• Client: EC - SG Structural Reform Support REFORM)
  • Implementation period: 2020 - 2021 (Ongoing)
  • Geographic coverage: Sweden

How to decarbonise Sweden’s energy intensive industry, in a socially just manner

Sweden has high ambitions regarding the transition to a fossil free society. In 2020, the Swedish government published the National Energy and Climate Plan which sets out priority climate and energy policies up to 2045, including energy and carbon taxes, renewable energies initiatives and energy emission performance standards.

The governmental decision of 26th March 2020 gives the Swedish Agency of Economic and Regional Growth (Tillväxtverket) responsibility for preparing territorial just transition plans with a focus on the steel industry in Norrbotten, and cement industry on the island Gotland. A total of EUR 656 million will be allocated by the EU and Swedish state co-funding to fund this transition.

The direct objective of this study is to support the Swedish authorities to develop Territorial Just Transition plan for Sweden, in order to access support of Just Transition Fund. To this end, the project will consider best practices in other MS and the current practice and regulations in Sweden, as well as views of concerned stakeholders, and elaborate a proposal for a shift from the fossil fuels and energy intensive industries to a carbon neutral and sustainable economic model, ensuring that needs of territories and stakeholders that rely on fossil fuel supply chains are taken into account. This project should lead to the finalisation of territorial just transition plan for Sweden. The project is conducted by Trinomics (lead) in collaboration with Nordregio. The project will run from October 2020 and will finish by April 2021.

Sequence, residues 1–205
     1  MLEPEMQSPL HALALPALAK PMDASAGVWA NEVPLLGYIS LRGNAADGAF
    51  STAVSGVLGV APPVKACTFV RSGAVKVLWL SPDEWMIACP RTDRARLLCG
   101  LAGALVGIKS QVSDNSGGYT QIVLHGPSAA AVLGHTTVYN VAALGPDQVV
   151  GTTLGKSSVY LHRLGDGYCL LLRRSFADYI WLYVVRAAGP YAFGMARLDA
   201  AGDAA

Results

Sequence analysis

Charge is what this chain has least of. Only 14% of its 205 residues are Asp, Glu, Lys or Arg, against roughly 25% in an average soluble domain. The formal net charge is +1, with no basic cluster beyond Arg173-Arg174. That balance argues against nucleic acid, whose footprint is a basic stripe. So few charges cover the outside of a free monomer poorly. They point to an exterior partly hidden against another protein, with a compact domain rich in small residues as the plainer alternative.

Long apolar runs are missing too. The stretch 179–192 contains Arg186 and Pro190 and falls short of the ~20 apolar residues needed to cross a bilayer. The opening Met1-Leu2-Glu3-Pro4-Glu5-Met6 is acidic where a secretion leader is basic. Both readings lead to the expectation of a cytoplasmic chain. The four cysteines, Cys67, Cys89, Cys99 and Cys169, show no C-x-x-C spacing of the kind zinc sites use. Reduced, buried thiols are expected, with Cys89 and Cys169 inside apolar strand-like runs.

This investigation provided the following preliminary results:

  • An assessment of the transition process towards climate neutrality;
  • An assessment the most affected territories (Norrbotten, and Gotland); and
  • Present lessons learned and recommendations of the Swedish and territorial contexts.